Following the military coup, the UN Security Council issued a statement on February 4 protesting the Myanmar army's reckless decision. The country's state councillor has demanded the immediate release of all civilian leaders, including Suu Kyi. The Rohingya issue was included in the Security Council statement. It said all members of the Security Council had called for an end to hostilities in Rakhine state. They demanded the immediate creation of a safe and stable environment so that the Rohingya could return to their homeland in peace.
In addition to China, Myanmar has close military ties with both Russia and India. China has a large investment in the country. China is investing in Myanmar under the Belt and Road Initiative project. Analysts have blamed China and India's patronage for the Myanmar army's relief after the coup.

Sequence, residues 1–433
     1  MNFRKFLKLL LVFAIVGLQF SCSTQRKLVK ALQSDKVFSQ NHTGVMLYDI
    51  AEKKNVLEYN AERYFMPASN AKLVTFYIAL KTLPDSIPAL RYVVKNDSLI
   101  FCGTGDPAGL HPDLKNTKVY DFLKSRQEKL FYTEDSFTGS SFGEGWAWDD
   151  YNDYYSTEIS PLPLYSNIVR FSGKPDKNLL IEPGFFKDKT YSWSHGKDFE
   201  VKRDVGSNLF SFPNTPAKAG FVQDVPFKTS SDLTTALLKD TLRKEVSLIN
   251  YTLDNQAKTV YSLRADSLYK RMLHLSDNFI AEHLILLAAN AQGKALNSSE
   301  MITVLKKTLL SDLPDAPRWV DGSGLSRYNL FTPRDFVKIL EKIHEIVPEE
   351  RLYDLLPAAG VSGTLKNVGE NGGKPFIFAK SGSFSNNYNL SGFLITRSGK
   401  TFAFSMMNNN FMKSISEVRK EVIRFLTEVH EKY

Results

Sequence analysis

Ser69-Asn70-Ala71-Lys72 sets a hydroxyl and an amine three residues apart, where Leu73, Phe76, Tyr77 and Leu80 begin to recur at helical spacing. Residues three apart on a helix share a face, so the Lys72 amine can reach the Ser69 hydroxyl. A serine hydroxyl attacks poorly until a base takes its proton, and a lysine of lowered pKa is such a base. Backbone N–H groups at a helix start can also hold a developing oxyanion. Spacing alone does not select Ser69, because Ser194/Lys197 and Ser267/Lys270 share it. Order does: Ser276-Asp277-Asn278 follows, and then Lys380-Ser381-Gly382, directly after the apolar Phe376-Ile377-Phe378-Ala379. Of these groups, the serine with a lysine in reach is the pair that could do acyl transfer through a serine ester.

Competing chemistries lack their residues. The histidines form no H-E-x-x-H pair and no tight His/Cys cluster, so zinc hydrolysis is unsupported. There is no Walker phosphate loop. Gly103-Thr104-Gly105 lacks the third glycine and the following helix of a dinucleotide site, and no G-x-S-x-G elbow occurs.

In a response to the uprising in Myanmar, a Chinese Foreign Ministry spokesman said China was a friendly neighbour of Myanmar. We hope that all parties in Myanmar will uphold their constitution by restraining their dissent and try to maintain the country's political and social stability through a legal frame work. No matter who is in power, Beijing wants to protect its business and economic interests by maintaining good relations with Naypyidaw.
After the genocide in 2017, when Myanmar was under pressure from Europe and America, no tough decision could be taken against Myanmar due to the veto of China and Russia. Even the Security Council could not approve the resolution. UN Secretary General Antonio Guterres has repeatedly accused Myanmar of ethnic violence and genocide but, the Myanmar administration has denied the allegations.